Online community success - A study of success criteria and user behaviour in online communities
MetadataShow full item record
This item's downloads: 870 (view details)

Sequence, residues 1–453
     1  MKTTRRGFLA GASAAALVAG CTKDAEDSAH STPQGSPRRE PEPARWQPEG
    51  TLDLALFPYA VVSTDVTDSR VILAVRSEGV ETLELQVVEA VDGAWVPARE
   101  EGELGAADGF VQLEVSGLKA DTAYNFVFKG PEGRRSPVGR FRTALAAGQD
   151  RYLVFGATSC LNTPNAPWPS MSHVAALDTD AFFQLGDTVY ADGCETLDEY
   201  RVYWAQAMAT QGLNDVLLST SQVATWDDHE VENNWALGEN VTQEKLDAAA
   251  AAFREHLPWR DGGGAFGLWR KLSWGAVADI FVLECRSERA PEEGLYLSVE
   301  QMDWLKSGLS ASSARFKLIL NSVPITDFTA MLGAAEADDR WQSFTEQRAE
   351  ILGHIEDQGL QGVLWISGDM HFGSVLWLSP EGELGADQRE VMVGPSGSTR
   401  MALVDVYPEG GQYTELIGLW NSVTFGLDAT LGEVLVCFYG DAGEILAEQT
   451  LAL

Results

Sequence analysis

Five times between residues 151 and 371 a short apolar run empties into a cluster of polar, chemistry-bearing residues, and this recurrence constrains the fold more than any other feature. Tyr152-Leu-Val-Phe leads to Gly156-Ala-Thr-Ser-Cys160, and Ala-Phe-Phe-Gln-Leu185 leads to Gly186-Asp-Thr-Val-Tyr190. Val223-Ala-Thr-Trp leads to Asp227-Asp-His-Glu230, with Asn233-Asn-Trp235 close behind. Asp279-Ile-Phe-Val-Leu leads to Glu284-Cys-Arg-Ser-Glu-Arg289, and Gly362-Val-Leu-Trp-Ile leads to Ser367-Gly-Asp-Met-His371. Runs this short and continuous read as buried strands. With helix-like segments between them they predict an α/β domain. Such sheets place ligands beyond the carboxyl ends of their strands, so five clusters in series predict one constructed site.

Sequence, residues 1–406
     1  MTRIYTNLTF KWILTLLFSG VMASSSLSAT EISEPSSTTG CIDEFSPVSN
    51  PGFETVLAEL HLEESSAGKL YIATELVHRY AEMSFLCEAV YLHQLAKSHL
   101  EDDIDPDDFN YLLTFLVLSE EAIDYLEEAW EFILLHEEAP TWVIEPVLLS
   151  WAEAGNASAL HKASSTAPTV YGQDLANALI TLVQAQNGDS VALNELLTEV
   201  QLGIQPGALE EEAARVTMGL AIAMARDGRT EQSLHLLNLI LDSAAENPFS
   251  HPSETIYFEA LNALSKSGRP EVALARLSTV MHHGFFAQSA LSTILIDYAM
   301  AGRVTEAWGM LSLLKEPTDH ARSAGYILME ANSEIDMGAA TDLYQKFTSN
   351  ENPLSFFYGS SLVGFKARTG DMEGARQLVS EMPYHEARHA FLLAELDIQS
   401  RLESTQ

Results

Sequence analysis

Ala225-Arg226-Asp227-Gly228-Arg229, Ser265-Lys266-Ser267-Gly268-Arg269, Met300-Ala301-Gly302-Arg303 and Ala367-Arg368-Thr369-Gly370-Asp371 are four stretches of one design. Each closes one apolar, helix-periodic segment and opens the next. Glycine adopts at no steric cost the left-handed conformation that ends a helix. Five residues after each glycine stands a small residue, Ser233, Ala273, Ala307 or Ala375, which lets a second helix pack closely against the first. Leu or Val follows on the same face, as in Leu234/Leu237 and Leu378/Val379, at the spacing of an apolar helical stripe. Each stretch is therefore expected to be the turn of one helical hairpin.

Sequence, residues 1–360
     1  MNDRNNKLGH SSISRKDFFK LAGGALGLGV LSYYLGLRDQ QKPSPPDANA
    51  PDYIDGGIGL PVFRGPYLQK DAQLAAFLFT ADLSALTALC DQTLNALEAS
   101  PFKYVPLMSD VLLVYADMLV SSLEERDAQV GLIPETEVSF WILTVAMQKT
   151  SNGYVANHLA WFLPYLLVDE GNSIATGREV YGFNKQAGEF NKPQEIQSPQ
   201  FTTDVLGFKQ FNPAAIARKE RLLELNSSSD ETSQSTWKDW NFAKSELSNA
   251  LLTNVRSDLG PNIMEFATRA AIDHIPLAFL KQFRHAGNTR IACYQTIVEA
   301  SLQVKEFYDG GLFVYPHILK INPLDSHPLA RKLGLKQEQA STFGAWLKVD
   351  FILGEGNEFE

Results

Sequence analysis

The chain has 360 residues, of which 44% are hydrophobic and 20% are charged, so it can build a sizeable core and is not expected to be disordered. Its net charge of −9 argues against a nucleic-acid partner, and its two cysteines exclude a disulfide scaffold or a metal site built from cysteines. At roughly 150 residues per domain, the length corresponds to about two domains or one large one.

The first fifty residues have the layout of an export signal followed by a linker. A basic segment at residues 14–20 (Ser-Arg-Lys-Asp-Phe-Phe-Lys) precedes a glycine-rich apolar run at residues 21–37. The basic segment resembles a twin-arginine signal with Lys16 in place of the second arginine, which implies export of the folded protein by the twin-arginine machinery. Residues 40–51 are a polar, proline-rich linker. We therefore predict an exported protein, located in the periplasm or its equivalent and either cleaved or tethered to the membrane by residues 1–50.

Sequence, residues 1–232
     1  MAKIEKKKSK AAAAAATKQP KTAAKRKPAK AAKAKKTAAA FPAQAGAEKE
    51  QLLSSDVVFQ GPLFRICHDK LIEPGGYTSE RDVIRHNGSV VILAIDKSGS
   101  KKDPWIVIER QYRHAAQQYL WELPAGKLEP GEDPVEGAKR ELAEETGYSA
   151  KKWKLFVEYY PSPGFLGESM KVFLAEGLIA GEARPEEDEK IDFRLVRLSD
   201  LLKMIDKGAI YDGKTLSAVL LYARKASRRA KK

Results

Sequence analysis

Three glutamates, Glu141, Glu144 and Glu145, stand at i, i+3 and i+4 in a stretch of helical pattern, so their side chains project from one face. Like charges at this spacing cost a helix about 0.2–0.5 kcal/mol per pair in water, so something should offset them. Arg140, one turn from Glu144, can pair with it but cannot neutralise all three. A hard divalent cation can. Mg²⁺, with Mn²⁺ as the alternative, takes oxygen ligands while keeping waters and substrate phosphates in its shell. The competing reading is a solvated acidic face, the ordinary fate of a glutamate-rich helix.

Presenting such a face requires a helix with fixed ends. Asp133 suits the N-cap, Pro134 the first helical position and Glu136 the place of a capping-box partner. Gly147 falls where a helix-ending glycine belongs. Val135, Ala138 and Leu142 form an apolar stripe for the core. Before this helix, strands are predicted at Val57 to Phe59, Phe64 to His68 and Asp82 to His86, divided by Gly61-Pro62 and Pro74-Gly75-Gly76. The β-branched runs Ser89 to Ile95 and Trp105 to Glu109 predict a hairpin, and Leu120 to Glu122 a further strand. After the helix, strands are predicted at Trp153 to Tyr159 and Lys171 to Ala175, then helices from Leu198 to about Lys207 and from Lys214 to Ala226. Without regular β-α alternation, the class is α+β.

In a world where online users form communities for various purposes and around many different topics of interest, it has become of social and economic importance for owners, providers and managers of online communities to assess and possibly improve community success. However, the first problem arises when trying to measure success. Success means different things for different people, and moreover, the different purposes of communities determine the criteria under which success must be defined. For example, for assessing the success of a questions and answers (Q&A) community like Stack Overflow, one has to take into account how effectively questions are being solved. On the other hand, social connections among the participants are far less important in a Q&A site than for a social media site like Facebook. The first core contribution of this thesis is to define concrete success criteria for a number of communities. In particular, we focus on Q&A, Life & Health, and Knowledge Creation communities, which are distinct types of communities, each with their own purposes and goals. In order to achieve community success, it is vital to understand which user behaviour is indicative of, or contributes to, success. In the literature, many community features have been proposed as indicators for success, including aspects of user activity, participation, loyalty, and interconnectedness among the community members. However, these indicators have not been evaluated against tangible success criteria. Our second core contribution is to put together a collection of proposed community features, and to evaluate them against the success criteria we defined for the three types of communities in our study. We find that there are no universal success indicators, as the goals and purposes of the communities vary widely, and that it is therefore important to identify the appropriate user behaviour that maximizes success for different types of communities. Lastly, the third core contribution of this thesis is to identify successful user behaviour by studying the relation between user behaviour and community success, utilising prediction and simulation approaches. The prediction allows us to determine the best combinations of user behaviour for each community type, and the simulation enables us to represent user behaviour in a computational model in order to study community success in a controllable environment. This way, we are in control of the various conditions that a community can be subjected to, and observe how these change the community’s ability to fulfil its purpose beyond what is captured in recorded data, and without interfering with live communities. The practical application of our approach allows owners and managers of online communities to gauge the success of their communities, and identify the weak spots and potential remedies to increase success.